Classification of congenital vascular malformations
Congenital vascular malformations (CVMs) are a heterogeneous group of rare dysplasias that may affect the arterial, capillary, venous or lymphatic system or any combination thereof. They are present at birth, may increase in size and, other than infantile haemangiomas, do not regress spontaneously. Traditional denominators like F.P. Weber and Klippel-Trénaunay syndromes have become obsolete in times of modern vascular imaging. Modern treatment options in different types of malformations require a more accurate description of the affected vascular components and the ensuing haemodynamic effects.
Mulliken and Glowacki system
- fast flow
Traditional eponyms still form a substantial part of this first comprehensive CVM classification system1. Its advantage is that it includes all types of vascular anomalies and further classifies CVMs as ‘fast flow’ and ‘slow flow’ lesions based on conventional angiographic findings, which may be useful for the appropriate choice of therapy. However, it still lacks enough detail to form the base for the clinical management of certain types of CVMs and its combination with the traditional eponyms remains a source of confusion2.
Hamburg classification system (see diagram)
The role of eponyms has been largely replaced by the newer Hamburg classification3. The Hamburg system accounts for the underlying anatomical, histological, and pathophysiological features of CVMs. It also introduces embryological aspects, further subdividing them into either an extratruncular or truncular form, based on the time of developmental arrest during embryonic life4.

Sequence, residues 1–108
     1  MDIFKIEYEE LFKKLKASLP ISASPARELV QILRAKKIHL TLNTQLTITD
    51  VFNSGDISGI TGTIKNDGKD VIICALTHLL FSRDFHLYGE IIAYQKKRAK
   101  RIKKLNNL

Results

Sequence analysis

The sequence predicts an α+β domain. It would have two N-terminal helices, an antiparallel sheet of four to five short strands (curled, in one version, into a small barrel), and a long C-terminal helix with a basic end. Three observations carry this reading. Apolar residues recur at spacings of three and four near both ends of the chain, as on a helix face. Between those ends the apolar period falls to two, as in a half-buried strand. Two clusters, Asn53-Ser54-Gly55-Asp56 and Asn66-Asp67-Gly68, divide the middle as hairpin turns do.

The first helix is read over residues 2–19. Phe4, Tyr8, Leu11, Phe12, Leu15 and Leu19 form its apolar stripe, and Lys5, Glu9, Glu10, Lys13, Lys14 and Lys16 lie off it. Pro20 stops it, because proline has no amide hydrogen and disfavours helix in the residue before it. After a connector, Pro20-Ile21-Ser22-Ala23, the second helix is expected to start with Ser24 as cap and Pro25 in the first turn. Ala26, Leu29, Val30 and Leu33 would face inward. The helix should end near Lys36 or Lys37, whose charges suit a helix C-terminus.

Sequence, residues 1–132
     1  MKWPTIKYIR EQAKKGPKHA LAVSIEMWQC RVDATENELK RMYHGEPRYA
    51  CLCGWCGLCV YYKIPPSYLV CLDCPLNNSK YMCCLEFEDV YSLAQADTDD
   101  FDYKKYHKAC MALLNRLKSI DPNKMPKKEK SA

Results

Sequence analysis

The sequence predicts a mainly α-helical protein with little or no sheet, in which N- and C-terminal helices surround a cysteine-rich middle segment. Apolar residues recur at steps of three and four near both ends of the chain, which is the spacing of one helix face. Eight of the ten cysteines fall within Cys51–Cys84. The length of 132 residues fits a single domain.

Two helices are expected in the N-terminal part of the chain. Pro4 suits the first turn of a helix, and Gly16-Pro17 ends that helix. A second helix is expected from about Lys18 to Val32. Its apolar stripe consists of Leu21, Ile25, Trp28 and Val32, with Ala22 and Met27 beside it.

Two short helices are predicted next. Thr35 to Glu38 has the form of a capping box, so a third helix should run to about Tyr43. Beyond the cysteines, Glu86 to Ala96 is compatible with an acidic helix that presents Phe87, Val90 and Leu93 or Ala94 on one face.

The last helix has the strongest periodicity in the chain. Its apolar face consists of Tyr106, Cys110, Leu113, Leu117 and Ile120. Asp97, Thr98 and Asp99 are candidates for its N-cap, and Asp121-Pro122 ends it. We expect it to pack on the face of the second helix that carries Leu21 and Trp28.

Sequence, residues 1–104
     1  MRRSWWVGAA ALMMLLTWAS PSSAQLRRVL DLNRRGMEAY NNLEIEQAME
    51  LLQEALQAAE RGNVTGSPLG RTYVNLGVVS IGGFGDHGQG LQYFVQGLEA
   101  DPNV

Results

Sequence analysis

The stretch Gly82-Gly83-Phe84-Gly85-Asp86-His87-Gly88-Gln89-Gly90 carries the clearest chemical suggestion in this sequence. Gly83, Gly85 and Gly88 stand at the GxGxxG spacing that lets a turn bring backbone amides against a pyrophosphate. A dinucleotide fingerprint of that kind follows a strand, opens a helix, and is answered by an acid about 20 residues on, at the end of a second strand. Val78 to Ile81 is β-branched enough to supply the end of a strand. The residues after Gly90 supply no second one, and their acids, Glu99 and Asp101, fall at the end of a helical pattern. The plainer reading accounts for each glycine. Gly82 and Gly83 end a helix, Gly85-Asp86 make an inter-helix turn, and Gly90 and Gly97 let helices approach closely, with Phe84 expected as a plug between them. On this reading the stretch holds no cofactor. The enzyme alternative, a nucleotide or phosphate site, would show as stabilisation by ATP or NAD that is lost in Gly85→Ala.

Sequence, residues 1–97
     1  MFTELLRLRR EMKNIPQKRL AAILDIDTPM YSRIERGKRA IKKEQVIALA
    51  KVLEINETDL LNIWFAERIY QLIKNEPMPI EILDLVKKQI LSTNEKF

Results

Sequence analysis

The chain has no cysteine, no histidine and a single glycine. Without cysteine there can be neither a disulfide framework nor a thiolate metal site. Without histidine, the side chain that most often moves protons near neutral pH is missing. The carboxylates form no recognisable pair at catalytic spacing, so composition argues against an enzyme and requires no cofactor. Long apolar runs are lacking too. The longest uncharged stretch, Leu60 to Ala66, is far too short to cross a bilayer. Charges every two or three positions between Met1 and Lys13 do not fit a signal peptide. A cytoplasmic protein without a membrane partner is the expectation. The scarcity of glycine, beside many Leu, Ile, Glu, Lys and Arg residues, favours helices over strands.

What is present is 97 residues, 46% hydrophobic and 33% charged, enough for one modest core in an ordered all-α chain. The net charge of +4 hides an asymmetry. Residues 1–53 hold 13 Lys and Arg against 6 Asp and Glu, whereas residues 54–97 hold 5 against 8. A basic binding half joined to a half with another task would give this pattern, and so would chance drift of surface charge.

Truncular versus extra-truncular
Extratruncular forms of CVMs arise early in embryonic life, while the vascular system is still in the reticular stage. They are in fact mesodermal tissue remnants, that retain the potential of angioblasts to grow and proliferate when stimulated. This is why these lesions may continue to grow and carry a significant risk of a recurrence after therapeutic interventions.
Truncular forms of CVMs arise at a later stage, when developmental arrest occurs during the vascular trunk formation. Truncular lesions have lost the potential to grow and proliferate. Thus, they carry only a minimal risk of recurrence. However, they are often associated with more serious haemodynamic consequences. Truncular lesions are further subdivided into obstructive or dilatative lesions. They present as various degrees of developmental defects of a vascular trunk, which may include agenesis or aplasia on the one hand and aneurysms or persistent embryonic channels on the other.
The vascular components of Klippel–Trénaunay syndrome (KTS) and F. P. Weber syndrome (FPWS) have been well defined as “haemolymphatic malformations” using the Hamburg classification system. The CVM in KTS includes venous, lymphatic and capillary components, while the hallmark of FPWS is arteriovenous shunting, mainly combined with capillary malformations. The Hamburg classification is nowadays the most accepted classification system among vascular surgeons. It is subject to continual improvement by the International Society for the Study of Vascular Anomalies (ISSVA)2,4.
- 1. Young AE. Combined vascular malformations. In: Mulliken EG, Young AE, editors. Vascular birthmarks: hemangiomas and malformations. Philadelphia: Saunders; 1988. p. 246-74.
- 2. Lee BB, Laredo J, Lee TS et-al. Terminology and classification of congenital vascular malformations. Phlebology. 2007;22 (6): 249-52. Phlebology (link) - Pubmed citation
- 3. Belov S. Anatomopathological classification of congenital vascular defects. Semin Vasc Surg. 1993;6 (4): 219-24. - Pubmed citation
- 4. Mattassi R, Loose DA, Vaghi M. Hemangiomas and Vascular Malformations, An Atlas of Diagnosis and Treatment. Springer Verlag. (2009) ISBN:884700568X. Read it at Google Books - Find it at Amazon
Synonyms & Alternative Spellings
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